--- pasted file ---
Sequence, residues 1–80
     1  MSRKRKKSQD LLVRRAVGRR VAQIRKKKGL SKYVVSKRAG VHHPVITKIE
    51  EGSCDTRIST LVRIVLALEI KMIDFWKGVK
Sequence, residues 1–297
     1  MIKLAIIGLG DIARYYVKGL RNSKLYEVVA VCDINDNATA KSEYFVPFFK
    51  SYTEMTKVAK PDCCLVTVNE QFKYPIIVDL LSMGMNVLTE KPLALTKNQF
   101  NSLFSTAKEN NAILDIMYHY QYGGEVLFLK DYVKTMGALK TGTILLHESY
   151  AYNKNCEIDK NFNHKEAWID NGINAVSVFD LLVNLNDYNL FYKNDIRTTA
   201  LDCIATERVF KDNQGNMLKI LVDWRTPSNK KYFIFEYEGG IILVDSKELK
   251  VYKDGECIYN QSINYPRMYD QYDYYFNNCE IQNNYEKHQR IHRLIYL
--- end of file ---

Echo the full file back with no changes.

Sequence, residues 1–80
     1  MSRKRKKSQD LLVRRAVGRR VAQIRKKKGL SKYVVSKRAG VHHPVITKIE
    51  EGSCDTRIST LVRIVLALEI KMIDFWKGVK
Sequence, residues 1–297
     1  MIKLAIIGLG DIARYYVKGL RNSKLYEVVA VCDINDNATA KSEYFVPFFK
    51  SYTEMTKVAK PDCCLVTVNE QFKYPIIVDL LSMGMNVLTE KPLALTKNQF
   101  NSLFSTAKEN NAILDIMYHY QYGGEVLFLK DYVKTMGALK TGTILLHESY
   151  AYNKNCEIDK NFNHKEAWID NGINAVSVFD LLVNLNDYNL FYKNDIRTTA
   201  LDCIATERVF KDNQGNMLKI LVDWRTPSNK KYFIFEYEGG IILVDSKELK
   251  VYKDGECIYN QSINYPRMYD QYDYYFNNCE IQNNYEKHQR IHRLIYL